food are hormone disruptors, and scientists are starting to discover
that they tamper with our body’s natural weight-loss chemistry. (They
actually call them “obesogens.”)
Certain bug-killing organophosphate pesticides are linked to obesity, a
known risk factor for many other diseases, including cancer and type 2
What to do about it: Eating organic for just five days
can rid the body of virtually all pesticide residues. Think you can’t
afford it? Look for in-season deals at local farmers’ markets, buy in
bulk, and preserve the excess to enjoy during the winter months.
4. Pesticides may raise your diabetes risk.
In addition to acting as obesogens, pesticides are linked in a growing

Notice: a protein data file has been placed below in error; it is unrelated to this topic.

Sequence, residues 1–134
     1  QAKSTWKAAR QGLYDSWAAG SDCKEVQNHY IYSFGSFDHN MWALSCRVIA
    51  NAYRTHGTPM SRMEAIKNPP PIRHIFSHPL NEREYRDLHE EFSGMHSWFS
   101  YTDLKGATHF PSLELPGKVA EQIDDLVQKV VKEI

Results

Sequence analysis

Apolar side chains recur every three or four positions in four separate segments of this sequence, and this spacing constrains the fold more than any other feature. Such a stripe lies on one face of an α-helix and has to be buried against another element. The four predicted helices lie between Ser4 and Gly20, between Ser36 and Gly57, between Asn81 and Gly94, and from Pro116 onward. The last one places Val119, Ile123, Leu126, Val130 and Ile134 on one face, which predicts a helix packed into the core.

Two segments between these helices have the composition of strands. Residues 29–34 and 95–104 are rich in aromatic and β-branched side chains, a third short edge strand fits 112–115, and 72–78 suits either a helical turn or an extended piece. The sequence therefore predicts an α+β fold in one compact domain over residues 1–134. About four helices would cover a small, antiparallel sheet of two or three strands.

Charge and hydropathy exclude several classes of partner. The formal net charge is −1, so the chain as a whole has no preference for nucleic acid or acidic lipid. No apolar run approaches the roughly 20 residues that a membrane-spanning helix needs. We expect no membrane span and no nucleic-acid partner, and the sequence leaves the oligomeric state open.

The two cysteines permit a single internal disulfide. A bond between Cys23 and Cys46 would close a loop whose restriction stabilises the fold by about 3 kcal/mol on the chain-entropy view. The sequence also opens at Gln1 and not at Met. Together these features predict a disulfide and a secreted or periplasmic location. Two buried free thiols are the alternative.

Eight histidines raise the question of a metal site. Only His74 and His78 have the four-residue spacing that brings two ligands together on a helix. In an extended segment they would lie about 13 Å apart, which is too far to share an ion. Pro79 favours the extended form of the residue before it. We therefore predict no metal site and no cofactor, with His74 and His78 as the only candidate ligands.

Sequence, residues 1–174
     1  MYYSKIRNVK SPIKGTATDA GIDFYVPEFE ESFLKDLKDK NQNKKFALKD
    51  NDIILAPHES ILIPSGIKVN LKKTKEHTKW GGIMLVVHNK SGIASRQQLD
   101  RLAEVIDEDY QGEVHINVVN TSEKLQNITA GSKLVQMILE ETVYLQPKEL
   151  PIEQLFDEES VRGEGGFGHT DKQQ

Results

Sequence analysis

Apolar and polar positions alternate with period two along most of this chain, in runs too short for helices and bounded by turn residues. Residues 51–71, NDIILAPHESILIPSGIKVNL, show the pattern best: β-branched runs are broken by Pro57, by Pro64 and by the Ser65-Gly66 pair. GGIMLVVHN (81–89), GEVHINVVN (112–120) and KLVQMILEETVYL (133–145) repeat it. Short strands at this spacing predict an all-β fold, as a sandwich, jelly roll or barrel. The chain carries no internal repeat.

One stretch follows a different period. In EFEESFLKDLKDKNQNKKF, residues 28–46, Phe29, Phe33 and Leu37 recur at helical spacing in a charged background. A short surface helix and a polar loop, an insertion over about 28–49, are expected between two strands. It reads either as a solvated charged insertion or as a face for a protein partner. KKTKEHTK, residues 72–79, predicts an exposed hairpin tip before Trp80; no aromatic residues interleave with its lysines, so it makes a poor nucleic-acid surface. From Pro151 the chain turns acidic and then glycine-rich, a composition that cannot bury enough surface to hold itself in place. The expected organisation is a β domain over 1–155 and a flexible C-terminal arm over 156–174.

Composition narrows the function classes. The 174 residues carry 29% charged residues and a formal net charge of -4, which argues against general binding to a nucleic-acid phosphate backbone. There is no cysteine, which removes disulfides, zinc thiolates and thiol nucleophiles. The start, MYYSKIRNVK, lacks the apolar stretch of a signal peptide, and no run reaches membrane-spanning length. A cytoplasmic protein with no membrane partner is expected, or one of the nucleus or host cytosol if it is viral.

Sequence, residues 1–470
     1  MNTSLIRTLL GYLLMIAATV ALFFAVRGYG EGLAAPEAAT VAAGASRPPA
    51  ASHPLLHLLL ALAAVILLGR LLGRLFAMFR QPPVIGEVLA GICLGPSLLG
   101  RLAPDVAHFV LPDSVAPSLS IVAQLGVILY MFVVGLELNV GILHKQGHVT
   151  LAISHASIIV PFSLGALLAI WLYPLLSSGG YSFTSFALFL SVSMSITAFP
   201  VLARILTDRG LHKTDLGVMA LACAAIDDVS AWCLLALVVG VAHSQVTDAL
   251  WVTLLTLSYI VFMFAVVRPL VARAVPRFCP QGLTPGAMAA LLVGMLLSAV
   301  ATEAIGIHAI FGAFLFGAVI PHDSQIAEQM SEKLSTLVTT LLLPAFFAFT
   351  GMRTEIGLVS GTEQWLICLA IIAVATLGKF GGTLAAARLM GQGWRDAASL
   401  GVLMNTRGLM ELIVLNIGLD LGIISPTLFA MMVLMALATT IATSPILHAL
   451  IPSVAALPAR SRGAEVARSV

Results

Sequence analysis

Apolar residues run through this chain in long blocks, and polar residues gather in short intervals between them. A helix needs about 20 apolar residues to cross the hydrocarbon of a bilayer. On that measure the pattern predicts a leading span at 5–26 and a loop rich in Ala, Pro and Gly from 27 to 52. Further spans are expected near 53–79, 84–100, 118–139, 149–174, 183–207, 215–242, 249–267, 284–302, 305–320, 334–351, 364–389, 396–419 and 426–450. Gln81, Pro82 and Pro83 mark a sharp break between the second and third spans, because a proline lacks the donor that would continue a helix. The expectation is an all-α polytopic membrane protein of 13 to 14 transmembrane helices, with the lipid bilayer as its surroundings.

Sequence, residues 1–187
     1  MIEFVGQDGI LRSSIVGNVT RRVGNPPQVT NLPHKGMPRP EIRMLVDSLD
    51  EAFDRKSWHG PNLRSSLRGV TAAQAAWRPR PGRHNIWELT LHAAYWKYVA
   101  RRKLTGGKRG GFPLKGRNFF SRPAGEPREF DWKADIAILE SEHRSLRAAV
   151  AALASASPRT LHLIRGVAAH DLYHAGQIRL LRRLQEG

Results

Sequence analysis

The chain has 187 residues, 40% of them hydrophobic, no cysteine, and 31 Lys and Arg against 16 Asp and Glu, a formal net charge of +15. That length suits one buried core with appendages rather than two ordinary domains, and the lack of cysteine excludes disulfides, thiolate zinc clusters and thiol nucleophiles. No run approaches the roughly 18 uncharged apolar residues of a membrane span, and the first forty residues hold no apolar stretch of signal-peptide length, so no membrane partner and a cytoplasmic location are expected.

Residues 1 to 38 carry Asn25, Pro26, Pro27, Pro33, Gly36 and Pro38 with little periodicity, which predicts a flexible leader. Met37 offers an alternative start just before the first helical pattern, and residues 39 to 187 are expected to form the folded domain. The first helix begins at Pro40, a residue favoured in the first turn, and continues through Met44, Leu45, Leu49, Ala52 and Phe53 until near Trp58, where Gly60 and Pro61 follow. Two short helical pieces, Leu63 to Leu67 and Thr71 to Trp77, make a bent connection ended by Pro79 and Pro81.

number of studies with diabetes. Though obesity and genetics remain the
two biggest risk factors for the disease, certain pesticides may
interfere with the way our bodies produce the blood-sugar-regulating
hormone insulin. In one of the most recent studies looking into
pesticides and diabetes, scientists concluded that it may not even be
the active pesticide ingredients causing the problems but the “inert”
ingredients added to formulations to aid with application, help the
pesticide seep into soil, or prevent the formulation from washing away.
What to do about it: You can avoid diabetes-inducing
pesticides by switching to an organic diet, but one of the inert
ingredients used in pesticide formulations, phthalates, can crop up in
common household items. Protect yourself completely by avoiding
synthetic fragrances, soft vinyl products, and “slow-release” or